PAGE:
Dan SaponeÝs August guest editorial explored whether or not our City Council should address climate change. He concludes that this is indeed an issue that calls for council action. I agree. PleasantonÝs severe jobs/housing imbalance generates more commute traffic, and therefore more air pollution, than other Tri-Valley cities. The impacts extend far beyond our own residents and businesses.
To put PleasantonÝs negative effect on the earthÝs climate in perspective, consider this:
More people commute into Pleasanton to work than into any other city in the Tri-Valley. This is hardly surprising since only 5 percent of PleasantonÝs housing is affordable to these non-resident Pleasanton workers, who have a median income of $89,800. Currently 42,498 people--80.2 percent of PleasantonÝs entire workforce--must commute here from other communities. About 47.1 percent of these commuters live beyond the Tri-Valley area. Sadly, the latest U.S. Census figures show a worsening trend. In 1990, only 36.6 percent of Pleasanton jobs were held by people commuting from outside the Tri-Valley. During the same period, from 1990 to 2000, the percentage of Pleasanton residents working in Pleasanton fell from 27.3 percent to 19.8 percent.
Now letÝs look through the smog into the future.
PleasantonÝs General Plan projects commercial development to grow from todayÝs approximately 20 million square feet to an eventual 28 million square feet, although there is no actual limit. The Association of Bay Area Governments predicts that the number of jobs in Pleasanton will grow from todayÝs 53,013 to 78,670. Thus, PleasantonÝs currently planned commercial development will create a need for a total of at least 49,169 units of workforce housing (1.6 workers per housing unit, one worker for every 358 square feet of commercial development). That is 20,169 units more than PleasantonÝs 29,000 unit housing cap allows.
No other city will agree to build housing for PleasantonÝs workers. They have workers of their own to house. Environmentally concerned residents should ask the City Council how far away PleasantonÝs workforce will have to live, how many miles to work they will have to drive, and how much air pollution this will this cause.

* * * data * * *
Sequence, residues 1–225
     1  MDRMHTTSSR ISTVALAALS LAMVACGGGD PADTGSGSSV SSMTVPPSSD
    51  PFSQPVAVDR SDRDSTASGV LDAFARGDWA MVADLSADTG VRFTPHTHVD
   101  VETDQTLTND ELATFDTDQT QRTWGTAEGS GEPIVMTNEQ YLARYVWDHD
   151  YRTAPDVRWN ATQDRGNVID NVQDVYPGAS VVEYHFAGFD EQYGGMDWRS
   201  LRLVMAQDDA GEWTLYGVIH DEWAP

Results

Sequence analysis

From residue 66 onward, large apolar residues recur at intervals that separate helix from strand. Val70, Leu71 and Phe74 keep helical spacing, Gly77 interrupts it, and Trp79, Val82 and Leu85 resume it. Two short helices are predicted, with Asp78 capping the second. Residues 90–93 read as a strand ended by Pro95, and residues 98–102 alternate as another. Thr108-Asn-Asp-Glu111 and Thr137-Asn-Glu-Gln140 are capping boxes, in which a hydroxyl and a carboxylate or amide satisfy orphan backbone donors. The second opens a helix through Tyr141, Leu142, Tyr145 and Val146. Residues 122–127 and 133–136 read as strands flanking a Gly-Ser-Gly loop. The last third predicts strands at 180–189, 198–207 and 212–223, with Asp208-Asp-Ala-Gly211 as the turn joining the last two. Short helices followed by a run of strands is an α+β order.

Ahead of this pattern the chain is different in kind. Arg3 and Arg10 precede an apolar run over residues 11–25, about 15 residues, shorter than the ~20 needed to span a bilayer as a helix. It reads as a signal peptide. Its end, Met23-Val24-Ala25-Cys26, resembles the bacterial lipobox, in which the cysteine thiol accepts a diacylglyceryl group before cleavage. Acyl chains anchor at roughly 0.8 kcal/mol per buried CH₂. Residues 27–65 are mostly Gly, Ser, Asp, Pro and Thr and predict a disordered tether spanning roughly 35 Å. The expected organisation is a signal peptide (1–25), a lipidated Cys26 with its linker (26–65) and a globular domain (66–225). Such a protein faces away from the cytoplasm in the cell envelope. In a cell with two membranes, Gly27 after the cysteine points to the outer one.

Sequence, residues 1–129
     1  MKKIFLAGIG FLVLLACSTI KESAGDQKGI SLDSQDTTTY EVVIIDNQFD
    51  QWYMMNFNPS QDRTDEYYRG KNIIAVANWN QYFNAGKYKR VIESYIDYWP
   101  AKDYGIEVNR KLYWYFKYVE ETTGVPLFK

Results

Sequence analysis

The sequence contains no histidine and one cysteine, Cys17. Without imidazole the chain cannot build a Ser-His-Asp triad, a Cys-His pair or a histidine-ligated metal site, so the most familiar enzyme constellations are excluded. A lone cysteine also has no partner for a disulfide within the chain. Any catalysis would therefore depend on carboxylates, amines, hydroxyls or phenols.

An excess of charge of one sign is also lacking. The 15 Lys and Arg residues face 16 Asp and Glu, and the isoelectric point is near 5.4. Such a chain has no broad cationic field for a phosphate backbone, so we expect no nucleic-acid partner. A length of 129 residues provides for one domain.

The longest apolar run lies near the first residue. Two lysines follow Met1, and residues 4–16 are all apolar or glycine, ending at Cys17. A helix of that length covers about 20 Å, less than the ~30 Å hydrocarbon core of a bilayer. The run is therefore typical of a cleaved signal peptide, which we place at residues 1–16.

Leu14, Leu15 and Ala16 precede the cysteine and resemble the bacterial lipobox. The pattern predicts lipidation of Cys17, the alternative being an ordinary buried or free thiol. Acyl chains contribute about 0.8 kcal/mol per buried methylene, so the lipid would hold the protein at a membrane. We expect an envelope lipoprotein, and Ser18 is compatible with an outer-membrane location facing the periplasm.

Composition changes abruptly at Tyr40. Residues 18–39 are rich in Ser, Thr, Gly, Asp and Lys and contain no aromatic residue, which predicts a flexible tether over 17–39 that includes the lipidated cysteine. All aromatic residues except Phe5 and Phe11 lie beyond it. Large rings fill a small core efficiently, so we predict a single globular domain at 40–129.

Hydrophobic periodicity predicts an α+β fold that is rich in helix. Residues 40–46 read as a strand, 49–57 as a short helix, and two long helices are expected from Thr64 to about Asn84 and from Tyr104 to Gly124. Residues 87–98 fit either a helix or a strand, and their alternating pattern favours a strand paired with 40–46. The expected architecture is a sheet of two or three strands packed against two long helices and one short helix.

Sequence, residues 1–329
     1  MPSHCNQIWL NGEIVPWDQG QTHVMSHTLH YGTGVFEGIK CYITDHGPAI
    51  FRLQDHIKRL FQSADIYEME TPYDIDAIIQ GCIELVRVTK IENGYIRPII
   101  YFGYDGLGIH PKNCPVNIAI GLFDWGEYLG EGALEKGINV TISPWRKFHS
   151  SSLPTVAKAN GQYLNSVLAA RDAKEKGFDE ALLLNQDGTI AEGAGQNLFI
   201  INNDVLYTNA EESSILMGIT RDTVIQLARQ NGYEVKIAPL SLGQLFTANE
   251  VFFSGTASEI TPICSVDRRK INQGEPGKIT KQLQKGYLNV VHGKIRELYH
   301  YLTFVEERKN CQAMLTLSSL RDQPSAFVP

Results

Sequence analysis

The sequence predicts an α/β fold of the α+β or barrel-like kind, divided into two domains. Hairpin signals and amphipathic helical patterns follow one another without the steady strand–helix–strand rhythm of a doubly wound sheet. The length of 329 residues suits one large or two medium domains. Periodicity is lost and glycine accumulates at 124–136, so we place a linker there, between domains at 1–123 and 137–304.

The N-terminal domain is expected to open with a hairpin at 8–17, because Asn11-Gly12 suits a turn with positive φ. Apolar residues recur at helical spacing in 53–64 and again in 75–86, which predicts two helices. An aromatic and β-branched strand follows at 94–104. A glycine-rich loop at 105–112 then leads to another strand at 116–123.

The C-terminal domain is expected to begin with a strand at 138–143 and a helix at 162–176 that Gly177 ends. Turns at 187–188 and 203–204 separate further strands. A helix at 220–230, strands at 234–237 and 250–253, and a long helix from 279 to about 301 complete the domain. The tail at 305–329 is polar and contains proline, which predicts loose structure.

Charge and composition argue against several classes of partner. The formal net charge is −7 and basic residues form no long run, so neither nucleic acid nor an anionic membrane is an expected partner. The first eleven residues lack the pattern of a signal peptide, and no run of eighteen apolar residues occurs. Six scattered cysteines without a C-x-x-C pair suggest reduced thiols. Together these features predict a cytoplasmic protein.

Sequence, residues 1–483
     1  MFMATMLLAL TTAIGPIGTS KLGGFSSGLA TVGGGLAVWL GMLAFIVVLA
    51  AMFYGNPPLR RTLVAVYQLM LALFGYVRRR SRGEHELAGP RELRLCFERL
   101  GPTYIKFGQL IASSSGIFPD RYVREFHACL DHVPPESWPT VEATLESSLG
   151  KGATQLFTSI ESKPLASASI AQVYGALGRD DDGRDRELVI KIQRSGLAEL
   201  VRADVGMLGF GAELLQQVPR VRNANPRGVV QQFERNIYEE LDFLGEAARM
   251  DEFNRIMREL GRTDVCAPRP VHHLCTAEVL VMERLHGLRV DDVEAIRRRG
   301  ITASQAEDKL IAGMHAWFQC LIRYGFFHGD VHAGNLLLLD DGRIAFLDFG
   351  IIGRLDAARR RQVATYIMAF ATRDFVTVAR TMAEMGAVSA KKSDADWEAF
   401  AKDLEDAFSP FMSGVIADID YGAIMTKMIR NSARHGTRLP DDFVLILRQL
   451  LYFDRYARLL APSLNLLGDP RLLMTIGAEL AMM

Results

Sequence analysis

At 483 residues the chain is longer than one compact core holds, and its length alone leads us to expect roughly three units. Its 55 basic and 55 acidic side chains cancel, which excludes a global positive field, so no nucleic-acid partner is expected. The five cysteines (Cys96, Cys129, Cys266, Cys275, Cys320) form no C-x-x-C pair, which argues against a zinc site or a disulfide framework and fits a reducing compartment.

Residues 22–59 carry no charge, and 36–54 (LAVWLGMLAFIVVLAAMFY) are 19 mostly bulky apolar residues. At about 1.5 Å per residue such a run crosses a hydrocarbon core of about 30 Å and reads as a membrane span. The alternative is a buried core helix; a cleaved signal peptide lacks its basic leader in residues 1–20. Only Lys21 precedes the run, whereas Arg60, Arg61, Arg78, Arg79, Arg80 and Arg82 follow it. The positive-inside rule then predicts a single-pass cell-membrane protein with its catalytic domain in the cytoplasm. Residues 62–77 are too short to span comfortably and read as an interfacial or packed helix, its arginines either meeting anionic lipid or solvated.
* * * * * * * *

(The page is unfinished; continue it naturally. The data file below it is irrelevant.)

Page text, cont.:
Environmental talk is cheap, and so, as Dan Sapone points out, is joining environmental organizations. The City Council could make a greater contribution to preventing climate change by rebalancing jobs and housing so that a majority of PleasantonÝs workforce can afford to live in Pleasanton. Global warming, along with fuel scarcity and rising prices, compels us to safeguard our communityÝs quality of life and economic vitality by planning for development that minimizes commute distances and brings needed workers close to employers.
Pleasanton must develop an adequate amount of affordable workforce housing to protect the rest of the world from the impacts of our planned economic growth. As the well-known mantra of the environmental movement suggests, we need to ýThink globally and act locally.ţ Residents should encourage the City Council to raise the housing cap to a socially responsible level.
Becky Dennis served on the City Council from 1993 to 2002. She volunteers as a housing advocate with Pleasanton Citizens for a Caring Community, and serves on the board of the Tri-Valley Interfaith Poverty Forum. Becky and her husband Murray have lived in Pleasanton since 1988. Their children, David and Matt, attend Amador Valley High School.